Last Updated on May 6, 2015, by eNotes Editorial. Word Count: 845
Woman of the Pharisees is a complex weave of troubled and fallible characters, of suffering and redemption, both secular and spiritual. Above all, Louis Pian’s story is a study of his self-righteously religious stepmother, Brigitte Pian, and those whom she victimizes and destroys before she finally faces the truth of her loveless, vindictive “piety.”
The story opens at Louis’ school, at the end of the term and the beginning of his friendship with Jean de Mirbel. Jean’s brutal uncle has decreed that Jean, because of his poor performance at school, may not spend the summer holiday with his mother. Instead, he is to be sent to live and study with the Abbe Calou at Baluzac, a few miles from the Pian country estate at Larjuzon. Louis is excited that his friend will be so near, though when Jean and Louis’ sister, Michele, meet and fall in love, Louis becomes angry and jealous, inadvertently causing disastrous repercussions later for the young lovers.
Also staying at Larjuzon during the summer is M. Puybaraud, a teacher at Louis’ school. He has been invited by Louis’ stepmother supposedly to tutor Louis during the holiday; in fact, Brigitte wishes to break up an attachment Puybaraud has formed with Octavia Tronche, a delicate young woman who teaches at a Free School sponsored by Brigitte. She has learned of the love between Octavia and Puybaraud because of Louis’ betrayal of his teacher’s trust: He has told his stepmother of a letter to Octavia that Puybaraud asked him to post privately.
Brigitte fails to persuade either Octavia or Puybaraud to give each other up for what she sees as a higher calling to God in the convent and priesthood. When they marry, Brigitte punishes them by using her influence to deny them any employment, thus forcing them to live in poverty on her charity. Octavia later dies in childbirth, lacking even the basic comforts and the help that might have saved her child.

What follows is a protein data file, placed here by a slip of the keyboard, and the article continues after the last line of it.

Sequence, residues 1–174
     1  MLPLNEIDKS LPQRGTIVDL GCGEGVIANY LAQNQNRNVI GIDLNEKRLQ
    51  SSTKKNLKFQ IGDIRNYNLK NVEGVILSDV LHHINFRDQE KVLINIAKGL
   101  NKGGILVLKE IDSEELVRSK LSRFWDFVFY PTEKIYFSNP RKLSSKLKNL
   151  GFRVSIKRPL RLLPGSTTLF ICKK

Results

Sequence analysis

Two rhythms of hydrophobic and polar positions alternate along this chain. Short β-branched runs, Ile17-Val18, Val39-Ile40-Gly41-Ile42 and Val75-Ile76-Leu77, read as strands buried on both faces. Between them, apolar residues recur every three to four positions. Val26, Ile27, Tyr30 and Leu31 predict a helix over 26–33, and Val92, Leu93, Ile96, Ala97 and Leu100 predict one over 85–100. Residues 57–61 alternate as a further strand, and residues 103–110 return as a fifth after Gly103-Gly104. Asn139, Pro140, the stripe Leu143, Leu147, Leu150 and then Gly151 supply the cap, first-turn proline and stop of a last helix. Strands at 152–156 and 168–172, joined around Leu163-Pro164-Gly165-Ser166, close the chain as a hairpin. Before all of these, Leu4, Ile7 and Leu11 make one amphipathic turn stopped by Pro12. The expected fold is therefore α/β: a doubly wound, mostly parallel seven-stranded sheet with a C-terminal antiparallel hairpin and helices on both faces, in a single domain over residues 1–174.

Meanwhile, Jean, living with the Abbe Calou, falls into difficulties of his own. His mother, the Comtesse de Mirbel, whom he adores, comes to visit him at Baluzac but firmly refuses to allow her son to spend the night with her at her hotel in Vallandraut. Undaunted, Jean slips out at night, borrows the priest’s bicycle, and rides to the hotel, only to discover eventually that his mother is really at a different hotel in Balauze, a few miles away, and that she is with a lover. After Jean catches a glimpse of the two of them at their hotel window, he turns back in despair to Baluzac, falls ill along the way, and loses consciousness. He is later found by the Abbe Calou, returned to the kindly priest’s house, and nursed back to health.
Brigitte, however, has learned about Jean and Michele’s love and their secret meetings—she has been led to the discovery by Louis’ indiscretion during a jealous outburst—and, in a rage, she forbids Louis and Michele to visit Jean while he recovers. For good measure, she gets her husband to agree to send Michele to a girls’ school, away from any contact with Jean. The Abbe Calou, attempting to help Jean, has the girl secretly send him news of herself which is to be passed on to Jean. The correspondence is discovered and cut off, however, and Brigitte moves to destroy the priest by complaining of him to the archbishop. When Jean, in desperation, briefly elopes with the local chemist’s wife (a woman who has deliberately seduced the boy in order to settle a grudge against the priest), Jean’s mother also complains, ultimately causing the Abbe to lose his parish.
When the school term begins, Brigitte separates from her husband, taking Louis to live with her in town. It is at this point that the disasters begin to accumulate which force Brigitte to see herself for what she is. The first to occur is the death of her husband, Louis’ father. Left alone at Larjuzon, he discovers a letter that Brigitte had found and “accidentally” left behind proving his first wife’s unfaithfulness, and he drinks himself to death. Octavia’s death during childbirth and Jean’s elopement, two incidents which arouse both Louis’ and Michele’s hostility toward their stepmother, follow. Brigitte begins to suffer intensely, as her conscience condemns her for her heartless actions in the name of piety. In an effort to atone, she encourages Jean and Michele’s engagement and begins visiting the Abbe Calou, who is living in disgrace with relatives. It is the priest who gives to Brigitte the absolution that she craves, and when he dies, it is in her arms.
Brigitte’s new spiritual awakening culminates in an intense, loving relationship with her Protestant doctor, over the objections of his family. Though he is killed in an accident, Brigitte’s love transcends his death, leaving her quietly serene. In contrast, Jean and Michele, who have married, live troubled lives marked by bickering and reconciliations. Louis, the observer-narrator, never marries.
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